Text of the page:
Level(s) aims to provide a common playbook and help encourage life-cycle thinking throughout the construction process, providing support to the industry in what can often prove to be a complex field of expertise.
“It’s a promising tool. We have to think how we can use it in conjunction with other things like procurement, for example,” Emmanuelle Maire told the Brussels event.
The framework is comprehensive in that it takes into account factors like energy, raw materials and water use, as well as human wellbeing and climate change resilience. “We need to scale up Level(s) and help it take off,” Maire added.
“As we’ve looked across the world, we’ve found that Level(s), the Commission’s common framework for addressing the life-cycle impacts of buildings, is an incredibly innovative policy, with very broad buy-in. We need to take that policy forward,” James Drinkwater said.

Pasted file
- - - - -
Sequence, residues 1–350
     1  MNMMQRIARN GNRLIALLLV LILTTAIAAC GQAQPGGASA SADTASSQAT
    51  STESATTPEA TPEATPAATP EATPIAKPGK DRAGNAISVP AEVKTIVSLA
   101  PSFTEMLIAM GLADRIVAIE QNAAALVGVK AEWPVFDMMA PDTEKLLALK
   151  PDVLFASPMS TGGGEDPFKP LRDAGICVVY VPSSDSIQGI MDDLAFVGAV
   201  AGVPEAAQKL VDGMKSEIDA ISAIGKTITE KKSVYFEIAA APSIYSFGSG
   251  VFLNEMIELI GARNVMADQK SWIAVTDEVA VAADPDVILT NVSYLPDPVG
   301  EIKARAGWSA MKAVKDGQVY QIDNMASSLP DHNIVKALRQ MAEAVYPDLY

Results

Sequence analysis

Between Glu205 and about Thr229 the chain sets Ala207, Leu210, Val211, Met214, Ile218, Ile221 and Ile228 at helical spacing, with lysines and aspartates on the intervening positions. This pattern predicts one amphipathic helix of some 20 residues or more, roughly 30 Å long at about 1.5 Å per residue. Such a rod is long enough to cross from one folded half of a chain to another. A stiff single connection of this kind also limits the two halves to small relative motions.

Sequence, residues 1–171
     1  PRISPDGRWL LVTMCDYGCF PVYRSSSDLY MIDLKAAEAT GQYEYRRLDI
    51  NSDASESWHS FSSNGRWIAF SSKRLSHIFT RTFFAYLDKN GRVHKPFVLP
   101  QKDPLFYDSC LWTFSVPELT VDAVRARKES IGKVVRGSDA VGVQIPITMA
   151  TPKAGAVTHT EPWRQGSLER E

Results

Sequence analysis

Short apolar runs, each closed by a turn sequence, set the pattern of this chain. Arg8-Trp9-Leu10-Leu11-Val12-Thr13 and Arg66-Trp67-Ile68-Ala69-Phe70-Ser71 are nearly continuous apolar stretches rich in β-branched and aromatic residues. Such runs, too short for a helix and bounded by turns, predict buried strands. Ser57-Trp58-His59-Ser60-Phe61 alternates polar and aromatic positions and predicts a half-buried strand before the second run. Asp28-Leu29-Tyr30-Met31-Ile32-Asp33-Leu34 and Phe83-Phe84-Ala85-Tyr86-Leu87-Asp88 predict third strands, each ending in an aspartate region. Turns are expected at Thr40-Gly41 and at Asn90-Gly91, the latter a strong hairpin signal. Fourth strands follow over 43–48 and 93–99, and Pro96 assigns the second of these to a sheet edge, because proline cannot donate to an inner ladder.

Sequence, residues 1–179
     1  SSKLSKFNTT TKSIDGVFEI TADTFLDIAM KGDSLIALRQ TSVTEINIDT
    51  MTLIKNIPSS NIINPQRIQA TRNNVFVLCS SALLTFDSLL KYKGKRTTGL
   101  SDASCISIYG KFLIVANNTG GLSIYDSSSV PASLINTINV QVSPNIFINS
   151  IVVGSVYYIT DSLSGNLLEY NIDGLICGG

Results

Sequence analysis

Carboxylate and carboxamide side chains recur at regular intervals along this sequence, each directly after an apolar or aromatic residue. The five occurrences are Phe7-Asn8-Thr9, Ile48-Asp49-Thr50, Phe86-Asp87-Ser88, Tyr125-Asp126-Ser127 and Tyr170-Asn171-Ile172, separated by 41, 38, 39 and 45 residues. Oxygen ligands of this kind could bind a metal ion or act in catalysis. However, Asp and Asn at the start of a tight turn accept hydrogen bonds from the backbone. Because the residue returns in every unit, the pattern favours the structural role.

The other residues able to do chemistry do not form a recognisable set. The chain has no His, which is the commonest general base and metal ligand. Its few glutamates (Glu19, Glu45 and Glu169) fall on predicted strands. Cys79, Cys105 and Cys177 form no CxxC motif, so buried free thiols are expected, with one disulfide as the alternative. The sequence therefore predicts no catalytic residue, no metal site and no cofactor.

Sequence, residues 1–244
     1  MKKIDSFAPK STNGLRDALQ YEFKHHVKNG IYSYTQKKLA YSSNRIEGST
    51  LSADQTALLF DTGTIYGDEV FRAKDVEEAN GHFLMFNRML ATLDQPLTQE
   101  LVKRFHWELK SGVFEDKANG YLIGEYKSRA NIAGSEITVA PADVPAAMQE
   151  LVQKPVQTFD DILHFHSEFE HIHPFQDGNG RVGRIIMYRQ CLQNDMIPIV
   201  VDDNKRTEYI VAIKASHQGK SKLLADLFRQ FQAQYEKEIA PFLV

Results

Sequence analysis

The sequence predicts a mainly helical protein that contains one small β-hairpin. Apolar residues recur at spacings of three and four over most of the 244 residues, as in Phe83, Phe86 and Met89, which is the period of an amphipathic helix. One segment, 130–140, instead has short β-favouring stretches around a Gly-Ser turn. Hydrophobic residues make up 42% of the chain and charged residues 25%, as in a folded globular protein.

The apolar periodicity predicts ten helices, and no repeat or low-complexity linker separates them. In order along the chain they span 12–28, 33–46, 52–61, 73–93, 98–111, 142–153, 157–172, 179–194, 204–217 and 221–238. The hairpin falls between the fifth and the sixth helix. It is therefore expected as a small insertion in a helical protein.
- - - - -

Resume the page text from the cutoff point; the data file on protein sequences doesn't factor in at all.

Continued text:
Currently in the middle of a two-year testing phase, Level(s) is involved in more than 100 building projects in 21 countries. If all goes to plan, its final version could go live in summer 2020.
Cleaning up the industry is far from mere theory though. Volvo Construction Equipment President Melker Jernberg described an electrification project run by his company and Swedish construction firm Skanska.
At a quarry near the city of Gothenburg, Volvo provided electric machines and know-how to test what level of emissions could be slashed at the site. After 10 weeks of testing, the results showed a 98% reduction.